By Kodey Toney
I Wish I Were Special
This weekend I was away at training and Jennifer posted a conversation on Facebook between her and our youngest son Kruz. After inquiring about why he didn’t have an IEP, Jen asked him if he knew what and IEP was. He didn’t, but after a brief explanation he said, “For kids with ‘special abilities’ like Konner?” That was a proud moment for us as parents. It’s the perfect way to explain things. The way he sees his brother is the way I wish society would see him, and all people with special abilities.
This coincided with the training I was attending at the time. We were discussing the difference between micro and macro change. Micro is the change within the person while the macro is a change with society.
While it may seem easier to change one person, the person with a disability, that is not the truth. It would be much easier to change the perception of the world as a whole than to change the child. If we can change this then it will be better in the long run.
Many of you may be asking, “Is this guy crazy?” The answer is, probably so, but let me explain.
Perception is the only truly disabling factor of my child’s life. The real question should be this; how do you see my son, or someone with a disability? Do you see them as a problem or do you see yourself as a solution? Do you see their diagnosis as hindrance or a burden to your everyday life? Is the fact that you have to change your everyday routine to accommodate his issues a problem for you, or is it something that you find happiness in because you understand that you are helping him to achieve a better and more successful life? Do you think, “This is something that will help him, and in turn help others in the future?”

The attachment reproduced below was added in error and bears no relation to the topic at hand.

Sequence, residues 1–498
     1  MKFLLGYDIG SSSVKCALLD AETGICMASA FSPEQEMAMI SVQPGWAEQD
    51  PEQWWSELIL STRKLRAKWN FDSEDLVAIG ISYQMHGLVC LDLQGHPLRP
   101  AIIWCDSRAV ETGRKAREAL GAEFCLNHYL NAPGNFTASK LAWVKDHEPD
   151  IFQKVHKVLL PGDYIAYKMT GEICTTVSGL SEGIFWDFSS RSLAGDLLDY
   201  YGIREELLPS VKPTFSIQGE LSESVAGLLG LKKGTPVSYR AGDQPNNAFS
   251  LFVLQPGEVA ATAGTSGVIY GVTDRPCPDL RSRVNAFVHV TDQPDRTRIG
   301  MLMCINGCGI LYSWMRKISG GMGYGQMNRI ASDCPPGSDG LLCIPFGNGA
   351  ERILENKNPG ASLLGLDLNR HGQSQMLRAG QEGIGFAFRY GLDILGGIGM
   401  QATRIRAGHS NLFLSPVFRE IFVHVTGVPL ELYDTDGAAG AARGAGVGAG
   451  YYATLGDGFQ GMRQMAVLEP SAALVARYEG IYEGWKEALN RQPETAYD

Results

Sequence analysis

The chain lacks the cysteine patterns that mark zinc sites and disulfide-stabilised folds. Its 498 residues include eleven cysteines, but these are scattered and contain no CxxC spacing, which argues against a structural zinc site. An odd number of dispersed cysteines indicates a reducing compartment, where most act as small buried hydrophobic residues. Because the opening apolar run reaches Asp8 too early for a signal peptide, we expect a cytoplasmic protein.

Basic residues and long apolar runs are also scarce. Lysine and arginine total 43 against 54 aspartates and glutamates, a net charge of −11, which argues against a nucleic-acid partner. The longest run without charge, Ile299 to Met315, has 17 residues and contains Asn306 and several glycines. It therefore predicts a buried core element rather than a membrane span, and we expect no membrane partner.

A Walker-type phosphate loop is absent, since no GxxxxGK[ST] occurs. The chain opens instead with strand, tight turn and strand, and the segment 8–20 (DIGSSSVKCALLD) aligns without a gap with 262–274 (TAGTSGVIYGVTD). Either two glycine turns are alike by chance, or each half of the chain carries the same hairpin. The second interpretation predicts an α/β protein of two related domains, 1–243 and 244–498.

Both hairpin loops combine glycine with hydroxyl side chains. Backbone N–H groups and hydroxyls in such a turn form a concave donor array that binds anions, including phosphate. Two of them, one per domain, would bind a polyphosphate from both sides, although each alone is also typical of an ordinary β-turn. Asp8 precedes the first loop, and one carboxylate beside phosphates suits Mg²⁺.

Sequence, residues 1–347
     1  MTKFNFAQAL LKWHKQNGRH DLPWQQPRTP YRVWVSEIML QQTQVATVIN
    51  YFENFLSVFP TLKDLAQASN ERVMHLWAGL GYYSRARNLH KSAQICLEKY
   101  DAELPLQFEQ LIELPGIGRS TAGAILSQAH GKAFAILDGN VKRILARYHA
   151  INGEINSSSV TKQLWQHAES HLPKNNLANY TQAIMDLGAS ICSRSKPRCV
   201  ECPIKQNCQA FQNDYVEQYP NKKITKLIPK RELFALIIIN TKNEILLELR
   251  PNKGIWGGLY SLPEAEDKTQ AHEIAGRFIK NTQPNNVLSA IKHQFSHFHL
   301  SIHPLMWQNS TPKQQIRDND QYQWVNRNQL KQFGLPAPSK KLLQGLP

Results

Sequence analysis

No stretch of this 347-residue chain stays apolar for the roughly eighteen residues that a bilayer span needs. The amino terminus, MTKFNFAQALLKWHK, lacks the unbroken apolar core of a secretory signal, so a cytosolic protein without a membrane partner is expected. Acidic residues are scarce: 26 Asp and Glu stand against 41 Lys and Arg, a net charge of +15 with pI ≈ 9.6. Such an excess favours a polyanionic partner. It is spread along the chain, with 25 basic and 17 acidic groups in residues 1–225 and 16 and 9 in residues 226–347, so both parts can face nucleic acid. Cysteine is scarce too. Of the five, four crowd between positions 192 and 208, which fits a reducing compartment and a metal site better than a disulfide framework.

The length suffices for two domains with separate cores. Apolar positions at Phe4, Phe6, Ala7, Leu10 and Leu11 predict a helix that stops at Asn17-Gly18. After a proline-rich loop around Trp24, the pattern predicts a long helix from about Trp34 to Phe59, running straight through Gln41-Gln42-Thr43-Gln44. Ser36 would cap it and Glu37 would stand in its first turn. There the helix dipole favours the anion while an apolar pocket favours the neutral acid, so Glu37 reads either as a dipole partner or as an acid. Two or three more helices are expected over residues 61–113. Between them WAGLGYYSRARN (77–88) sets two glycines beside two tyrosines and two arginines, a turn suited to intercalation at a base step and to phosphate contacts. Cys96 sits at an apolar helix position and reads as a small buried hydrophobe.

The Problem is not the person with a disability, but the assumptions we as a society have about his disability. That same old, “here’s his label…oh here’s what he can’t do,” mentality.
You see, Konner has autism. That is not going to change. That is his special ability. No amount of pushing, medication, therapies, or wishing will change that fact. He will have autism for the rest of his life. He’s not going to outgrow it, get over it, or snap out of it. It’s a part of who he is, and always will be.
However, with your help, he will learn to cope and tolerate the symptoms. He will learn to become more comfortable in the classroom setting, in school, in a work space eventually, and in society. He may even learn to accept the ignorance and stigma against him.
You may see me as a pushy parent. I may see you as a person that doesn’t want to help. You may see my child as a burden. What we should do is look past all of that to see what we can do to help the child.
Author Margaret Wheatly said, “It’s not differences that divide us. It’s our judgements about each other that do.”
You can be part of the solution or part of the problem. Until we change society’s views of people we will never truly make a difference. If you are reading this, the solution starts with you. I challenge you to make a change today. Change the way you see people. Instead of saying, “Oh that person can’t do this,” ask yourself and perhaps the person, “What can you do?” “What do you like to do?” “What are you good at doing?”
At six-years old, Kruz gets it.